The takeaway is that one size, one set of universal personality characteristics, doesn’t fit all. No two jobs are created equal.

To be or not to be yourself

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In a job interview, how much should you reveal? Researchers at University College London say that depends on how good a candidate you are.

The research focused on the concept of ‘self-verification’, which refers to individuals’ drive to be known and understood by others according to their firmly held beliefs and feelings about themselves.

The study showed that high quality job prospects who came off as too polished were deemed as inauthentic by interviewers. If they had scored high in self-verification, on the other hand, they presented themselves more honestly and were more likely to be hired.

The reverse happened to lower quality candidates. Authenticity reduced their chances at getting the job.

What are the lessons here? First, I guess you’d better know if you are highly qualified or not. If you are, feel free to be yourself.

Secondly, if you are not highly qualified, why are you applying for the job anyway? And if you insist upon applying, you’ll do better if you put on an act.

The researchers say that authentic behavior has been proven to lead to good outcomes over time in a job setting, but this study is the first to show that good outcomes also occur in short-term interpersonal interactions like an interview.

From my own personal experience in the workforce, I question these findings. It has always seemed to me that it was the most inauthentic people who did well in both short- and long-term interactions. I’ve never found honesty to be highly valued in corporate America.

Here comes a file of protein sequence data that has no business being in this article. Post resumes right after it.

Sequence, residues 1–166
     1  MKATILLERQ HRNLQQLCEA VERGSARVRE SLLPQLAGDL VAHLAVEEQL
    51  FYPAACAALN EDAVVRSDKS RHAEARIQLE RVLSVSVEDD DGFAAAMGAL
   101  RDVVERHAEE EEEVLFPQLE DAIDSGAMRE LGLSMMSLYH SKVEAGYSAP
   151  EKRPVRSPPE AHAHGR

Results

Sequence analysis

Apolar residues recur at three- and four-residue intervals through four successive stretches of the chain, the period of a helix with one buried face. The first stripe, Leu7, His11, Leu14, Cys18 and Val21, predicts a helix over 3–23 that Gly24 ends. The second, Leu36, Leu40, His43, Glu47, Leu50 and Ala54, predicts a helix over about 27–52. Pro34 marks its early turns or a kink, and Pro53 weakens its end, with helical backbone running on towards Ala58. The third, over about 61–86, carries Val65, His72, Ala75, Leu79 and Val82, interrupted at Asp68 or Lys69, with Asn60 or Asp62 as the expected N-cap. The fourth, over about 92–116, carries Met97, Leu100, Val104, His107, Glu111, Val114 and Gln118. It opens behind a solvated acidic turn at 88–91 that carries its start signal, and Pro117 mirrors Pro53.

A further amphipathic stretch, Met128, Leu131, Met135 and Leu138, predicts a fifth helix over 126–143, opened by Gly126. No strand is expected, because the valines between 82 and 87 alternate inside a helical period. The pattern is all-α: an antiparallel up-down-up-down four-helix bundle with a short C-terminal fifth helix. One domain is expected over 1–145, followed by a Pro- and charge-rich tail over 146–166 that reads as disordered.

Am I too cynical? What has been your experience?

 

 

Want to keep working? Plan ahead

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A study done at the University of Gothenburg says if you plan to work in your senior years, you should start planning before age 50.

The researchers, psychologists Kerstin Wentz and Kristina Gyllensten, say their participants engaged in what they call career crafting. This meant taking themselves seriously and thinking about what they wanted in life. Remaining employed at least part time allowed them to flourish and avoid boredom while maintaining a social life. They were proactive about learning new things.

The researchers advise vocational counseling for those age 45 similar to what is given to teenagers. They also advocate making student loans available.

As an avid devotee of MOOCs and webinars, I love this idea. Personally, I grew to hate the career in the insurance industry I stumbled into at age 18. At age 45, I embarked on a master’s degree to pursue something more meaningful. I cycled through several stop gap jobs until I finally got a job at a community college. That whole process might have been shortened if I had done better research and planning.

What’s your story? Will you continue working past “normal” retirement age?